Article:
Thursday, March 10, 2016

How a struggling rural hospital learned from a tragedy and became a thriving operation

The death of a 13-year-old in 2009 in Fredericksburg, Texas (Best Places map)—after an inattentive emergency room doctor failed to properly treat the boy—helped lead to changes, saving the rural hospital from closing and transformed it from a struggling entity into one of the top 100 hospitals in the country, Sarah Varney reports for PBS NewsHour.

Dr. Michael Williams, then Hill Country Memorial Hospital’s chief executive officer, told Varney, "We had a clear opportunity to either do what most hospitals do and what we had done previously, which was get our attorneys involved, be prepared for a lawsuit. Or we could take a different approach and work directly, reach out to the family and ask them to partner with us in really transforming the hospital... The hospital was in the red on an annual basis. The patient satisfaction was very low. The employee satisfaction was very low. And across the board, what we heard from people, was that this used to be the community’s hospital, and now people are leaving the community to go get their care elsewhere.”

Williams said he studied the Toyota plant in San Antonio and hired former Toyota employee Jeff Darnaby to help bring the car company’s revered assembly line principles to the hospital, Varney writes. Darnaby told Varney, “The Toyota production system basically allows you to identify waste, and remove that waste from your processes. Anything that doesn’t add value to the customer, to the process, is considered waste.” Williams also "turned to a former executive with Southwest Airlines to remake the hospital’s values and culture, and he hired a former trainer from Ritz Carlton, known for its legendary customer service, to change how patients and families were treated."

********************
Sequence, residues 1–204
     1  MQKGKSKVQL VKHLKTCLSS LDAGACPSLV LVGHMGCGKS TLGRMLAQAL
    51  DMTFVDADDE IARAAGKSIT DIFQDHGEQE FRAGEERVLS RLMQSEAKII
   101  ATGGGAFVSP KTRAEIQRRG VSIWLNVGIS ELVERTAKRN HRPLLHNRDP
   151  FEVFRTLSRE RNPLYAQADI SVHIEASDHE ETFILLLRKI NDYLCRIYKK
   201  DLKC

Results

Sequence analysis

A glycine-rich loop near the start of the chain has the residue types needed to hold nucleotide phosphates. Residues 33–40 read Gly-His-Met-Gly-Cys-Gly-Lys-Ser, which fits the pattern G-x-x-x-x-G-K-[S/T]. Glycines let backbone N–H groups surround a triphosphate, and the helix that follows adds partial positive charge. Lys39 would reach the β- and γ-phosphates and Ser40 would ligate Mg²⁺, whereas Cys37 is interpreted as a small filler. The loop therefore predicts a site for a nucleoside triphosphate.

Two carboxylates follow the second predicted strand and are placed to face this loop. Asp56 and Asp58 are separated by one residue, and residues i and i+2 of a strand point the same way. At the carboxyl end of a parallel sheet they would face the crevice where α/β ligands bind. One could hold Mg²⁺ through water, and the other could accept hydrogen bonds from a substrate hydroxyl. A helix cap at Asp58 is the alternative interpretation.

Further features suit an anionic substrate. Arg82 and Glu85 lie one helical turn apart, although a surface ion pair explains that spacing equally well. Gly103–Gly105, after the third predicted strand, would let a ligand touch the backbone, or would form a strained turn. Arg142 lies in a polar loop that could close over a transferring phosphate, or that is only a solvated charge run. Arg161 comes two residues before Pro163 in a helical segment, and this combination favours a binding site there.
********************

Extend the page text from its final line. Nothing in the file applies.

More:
Each department at the hospital now "candidly displays specific goals for everyone to see: reduce ER wait times, eliminate falls and improve customer satisfaction," Varney writes. Williams told her, “We took the approach that if we took patients and we treated them better than they’d ever been treated before, that at the end of the day, they would drive the bottom line."

Varney writes, "The sweeping changes can be seen everywhere: staff members, including physicians, greet visitors in the hallway and ask if they need directions; during a daily afternoon quiet time, the hallway lights darken so patients can rest; and the kitchen staff, in an attempt to reduce waste, cut their egg budget in half. Along with other cost saving measures, the hospital cut costs by $600,000." The hospital has since "won the nation’s highest presidential honor for excellence through innovation and leadership."

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